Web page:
State Rep. Colin Larson, a Ken Caryl Republican, predicted a “red riptide” in Colorado, rather than a wave. Even 2010 — an infamously disastrous year nationally for Democrats — was blunted here, he said, and the state’s turned bluer in recent years.

Following a string of electoral setbacks and infighting over recent years, Larson said the Republican Party in Colorado has been “lost in the wilderness for a little while.”  But he was critical of the Democrats’ singular control of the state in recent years, pointing to crime and the cost of living. He’s confident that a fiscal conservative streak remained here, citing the Taxpayer’s Bill of Rights and voters’ refusal to strike it down. A re-focused Republican Party could still make inroads here and shade Colorado purple, he argued, and local legislative races will help signal if that’s possible.

“If Barbara Kirkmeyer wins,” he said, “and we win one or two statewide races, significantly narrow the (Democrats’) House majority, narrow the Senate majority, then we will signal the course has turned.”

The state House seems set to remain under Democrat control, though not as firmly. The party’s current hold on 41 seats to the GOP’s 24 seems likely to slip. Democrats say they realistically expect to end up with 36 to 40 seats after redistricting opened up the map across suburban and rural Colorado. That’d be enough to keep a firm hold on the chamber and committees, but it trims their margin of error if concerns about unity among the caucus — flush with new members and new leadership — prove legitimate.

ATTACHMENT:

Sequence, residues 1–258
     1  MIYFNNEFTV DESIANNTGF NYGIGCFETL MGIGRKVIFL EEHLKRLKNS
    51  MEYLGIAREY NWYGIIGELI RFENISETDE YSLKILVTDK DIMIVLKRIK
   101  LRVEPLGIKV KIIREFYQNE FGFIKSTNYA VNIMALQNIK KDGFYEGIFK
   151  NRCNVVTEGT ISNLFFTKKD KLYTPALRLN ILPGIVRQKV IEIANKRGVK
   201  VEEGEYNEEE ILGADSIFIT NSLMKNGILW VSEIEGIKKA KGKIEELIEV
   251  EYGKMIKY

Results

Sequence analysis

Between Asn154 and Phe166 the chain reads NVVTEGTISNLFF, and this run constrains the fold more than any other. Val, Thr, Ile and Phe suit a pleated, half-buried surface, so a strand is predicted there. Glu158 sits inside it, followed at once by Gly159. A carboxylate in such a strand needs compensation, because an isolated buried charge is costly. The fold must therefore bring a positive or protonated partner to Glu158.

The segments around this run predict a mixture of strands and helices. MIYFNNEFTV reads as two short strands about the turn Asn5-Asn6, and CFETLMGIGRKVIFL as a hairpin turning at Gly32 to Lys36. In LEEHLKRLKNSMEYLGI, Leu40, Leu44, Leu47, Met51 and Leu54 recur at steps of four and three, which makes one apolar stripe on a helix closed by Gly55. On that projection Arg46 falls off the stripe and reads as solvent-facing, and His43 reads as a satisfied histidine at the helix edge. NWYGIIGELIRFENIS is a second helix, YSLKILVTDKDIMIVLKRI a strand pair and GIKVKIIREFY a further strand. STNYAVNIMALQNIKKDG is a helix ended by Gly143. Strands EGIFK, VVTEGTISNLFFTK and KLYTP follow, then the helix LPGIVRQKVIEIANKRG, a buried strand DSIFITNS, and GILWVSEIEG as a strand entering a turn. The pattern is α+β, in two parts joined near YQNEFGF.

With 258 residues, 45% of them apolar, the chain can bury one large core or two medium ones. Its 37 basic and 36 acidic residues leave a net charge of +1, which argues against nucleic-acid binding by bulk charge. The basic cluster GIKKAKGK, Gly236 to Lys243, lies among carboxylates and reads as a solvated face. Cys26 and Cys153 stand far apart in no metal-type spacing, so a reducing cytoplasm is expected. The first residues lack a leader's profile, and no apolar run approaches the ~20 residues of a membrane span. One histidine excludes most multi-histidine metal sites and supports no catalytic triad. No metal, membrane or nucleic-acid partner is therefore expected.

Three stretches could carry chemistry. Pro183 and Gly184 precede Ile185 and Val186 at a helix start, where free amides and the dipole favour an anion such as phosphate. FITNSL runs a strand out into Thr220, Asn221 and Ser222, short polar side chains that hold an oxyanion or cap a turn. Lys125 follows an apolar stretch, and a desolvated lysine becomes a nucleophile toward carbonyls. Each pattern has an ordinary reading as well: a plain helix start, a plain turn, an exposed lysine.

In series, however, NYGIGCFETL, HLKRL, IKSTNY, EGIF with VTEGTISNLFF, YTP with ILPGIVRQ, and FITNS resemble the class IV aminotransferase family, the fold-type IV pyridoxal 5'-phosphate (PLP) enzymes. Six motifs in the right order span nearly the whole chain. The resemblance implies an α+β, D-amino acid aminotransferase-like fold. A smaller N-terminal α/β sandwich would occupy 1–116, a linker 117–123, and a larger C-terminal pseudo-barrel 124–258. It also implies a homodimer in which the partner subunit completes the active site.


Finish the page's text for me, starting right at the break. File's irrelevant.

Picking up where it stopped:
The Senate is more up in the air. Six of the 17 seats up for election are seen as competitive, with Republicans needing to win four to win the chamber. And some members of the caucus describe the stakes of those races in dire terms.

“If Democrats continue controlling the state senate, then I think Colorado is lost for a generation,” state Sen. John Cooke, the outgoing Republican leader, said. “It’s California, it’s Oregon.”

He predicted a future that’s anathema to many in his party: a kneecapped oil and gas industry; powerful oversight commissions staffed by the governor’s appointees and confirmed by an agreeable senate; a “war” on rural Colorado.

Cooke, of Weld County, was first elected to the state senate in 2014 — a time when Republicans held a majority in the state Senate and served as a bulwark against Democratic initiatives from the blue House. He didn’t paint it as bipartisan kumbaya, but it was a time of moderating counterbalances when Democrats had to work with Republicans on their priorities.